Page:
State shines in two economic reports
Not good enough, says Beauprez campaign
The state's unemployment rate ticked down slightly in July, and Colorado experienced its 33rd consecutive month of job gains.
And, on the heels of those statistics, a business website ranked Colorado number one on its list of state economies.
Democratic Gov. John Hickenlooper greeted the economic news with tempered optimism.
“While our economy continues to be recognized as the fastest-growing in the nation, we know there is still much work to be done,” the governor said through an emailed statement. “We are focused on ensuring we foster a positive business climate — whether a start-up or Fortune 500 company — and retaining our talented workforce.”
The unemployment numbers, which were released by the state Department of Labor and Employment, show that 3,500 non-farm jobs were added in July. That growth allowed the state's unemployment rate to drop from 5.5 percent to 5.3 percent.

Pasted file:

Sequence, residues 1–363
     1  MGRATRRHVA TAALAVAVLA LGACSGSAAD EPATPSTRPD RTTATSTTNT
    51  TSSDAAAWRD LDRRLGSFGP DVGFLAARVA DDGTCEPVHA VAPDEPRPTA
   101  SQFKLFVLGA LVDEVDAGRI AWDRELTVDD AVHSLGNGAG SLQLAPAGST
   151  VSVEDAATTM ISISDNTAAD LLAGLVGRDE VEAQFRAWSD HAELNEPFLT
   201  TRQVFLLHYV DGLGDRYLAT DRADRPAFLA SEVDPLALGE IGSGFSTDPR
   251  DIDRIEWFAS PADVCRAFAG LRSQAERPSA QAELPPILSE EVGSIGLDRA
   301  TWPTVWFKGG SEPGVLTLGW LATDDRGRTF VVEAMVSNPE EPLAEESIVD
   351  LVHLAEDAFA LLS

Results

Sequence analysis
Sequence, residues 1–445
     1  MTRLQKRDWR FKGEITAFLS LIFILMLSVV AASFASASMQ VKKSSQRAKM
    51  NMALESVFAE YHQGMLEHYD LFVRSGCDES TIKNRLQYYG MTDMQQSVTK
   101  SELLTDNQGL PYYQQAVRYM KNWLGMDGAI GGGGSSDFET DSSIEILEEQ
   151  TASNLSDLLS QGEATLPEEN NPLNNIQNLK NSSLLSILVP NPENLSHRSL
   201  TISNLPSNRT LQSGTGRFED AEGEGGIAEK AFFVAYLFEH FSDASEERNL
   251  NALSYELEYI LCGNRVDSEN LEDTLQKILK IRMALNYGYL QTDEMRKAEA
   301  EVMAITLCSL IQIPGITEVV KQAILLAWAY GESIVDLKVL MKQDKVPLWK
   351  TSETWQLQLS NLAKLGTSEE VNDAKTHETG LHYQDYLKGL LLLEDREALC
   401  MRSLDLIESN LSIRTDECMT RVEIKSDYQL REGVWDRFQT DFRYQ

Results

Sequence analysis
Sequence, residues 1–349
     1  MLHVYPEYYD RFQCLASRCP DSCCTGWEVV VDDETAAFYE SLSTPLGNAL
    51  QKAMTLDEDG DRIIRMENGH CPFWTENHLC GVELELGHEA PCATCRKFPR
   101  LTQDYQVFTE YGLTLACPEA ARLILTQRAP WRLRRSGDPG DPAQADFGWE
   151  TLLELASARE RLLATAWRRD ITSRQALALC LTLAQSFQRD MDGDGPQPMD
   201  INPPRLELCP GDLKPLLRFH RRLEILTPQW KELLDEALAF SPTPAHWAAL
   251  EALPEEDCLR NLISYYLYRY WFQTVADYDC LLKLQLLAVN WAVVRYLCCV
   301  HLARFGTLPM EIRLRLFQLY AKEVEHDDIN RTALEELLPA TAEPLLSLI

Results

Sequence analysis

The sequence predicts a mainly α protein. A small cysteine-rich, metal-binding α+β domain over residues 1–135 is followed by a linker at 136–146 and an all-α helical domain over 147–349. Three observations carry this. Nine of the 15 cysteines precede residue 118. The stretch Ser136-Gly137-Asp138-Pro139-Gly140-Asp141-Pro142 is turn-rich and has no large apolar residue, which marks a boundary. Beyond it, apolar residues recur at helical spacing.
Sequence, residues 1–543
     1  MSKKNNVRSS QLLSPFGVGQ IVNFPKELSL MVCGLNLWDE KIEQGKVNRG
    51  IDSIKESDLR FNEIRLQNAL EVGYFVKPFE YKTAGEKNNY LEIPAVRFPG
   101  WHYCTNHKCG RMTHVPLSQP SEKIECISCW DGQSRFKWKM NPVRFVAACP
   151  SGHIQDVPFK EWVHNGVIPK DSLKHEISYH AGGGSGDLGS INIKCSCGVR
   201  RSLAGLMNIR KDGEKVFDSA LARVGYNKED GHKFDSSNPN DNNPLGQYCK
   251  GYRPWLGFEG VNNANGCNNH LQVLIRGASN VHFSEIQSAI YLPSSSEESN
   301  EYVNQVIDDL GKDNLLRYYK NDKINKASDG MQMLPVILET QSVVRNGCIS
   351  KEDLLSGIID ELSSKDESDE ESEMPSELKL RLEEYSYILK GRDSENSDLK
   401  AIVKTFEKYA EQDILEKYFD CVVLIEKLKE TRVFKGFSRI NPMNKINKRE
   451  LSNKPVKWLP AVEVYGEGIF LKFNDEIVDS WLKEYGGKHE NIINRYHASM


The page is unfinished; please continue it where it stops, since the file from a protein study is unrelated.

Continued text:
That's the lowest unemployment rate the state has seen since October 2008, just as the Great Recession was kicking in.
Meanwhile, the website Business Insider ranked Colorado's economy as the best in the nation.
The influential business website used eight metrics to determine its rankings, with Colorado ranking in the top 10 in five of them.
Business Insider cited Colorado's “highly diversified” economy as a key factor in its top ranking, which includes a healthy aerospace sector and the state's “huge amount” of federal investment.
The website also factored in the state's growth in job creation and in its working-age population.
The unemployment numbers and the business report come as good news to Hickenlooper, who is seeking re-election in the fall. The governor has touted the state's improving economic health as his primary campaign strategy.
But the campaign behind his opponent this November, Republican Bob Beauprez, a former congressman, said things could be a lot better for Coloradans.
The Beauprez campaign points to evidence of sluggish economies in rural parts of the state as an indication that Hickenlooper and Democratic lawmakers have little interest in focusing on improving economies outside of the Denver metro area.
“Certainly there are signs that after this prolonged recovery there are some signs of life,” said Allen Fuller, communications director for the Beauprez campaign. “But, for a lot of Colorado families, recovery hasn't come to their doorstep yet.”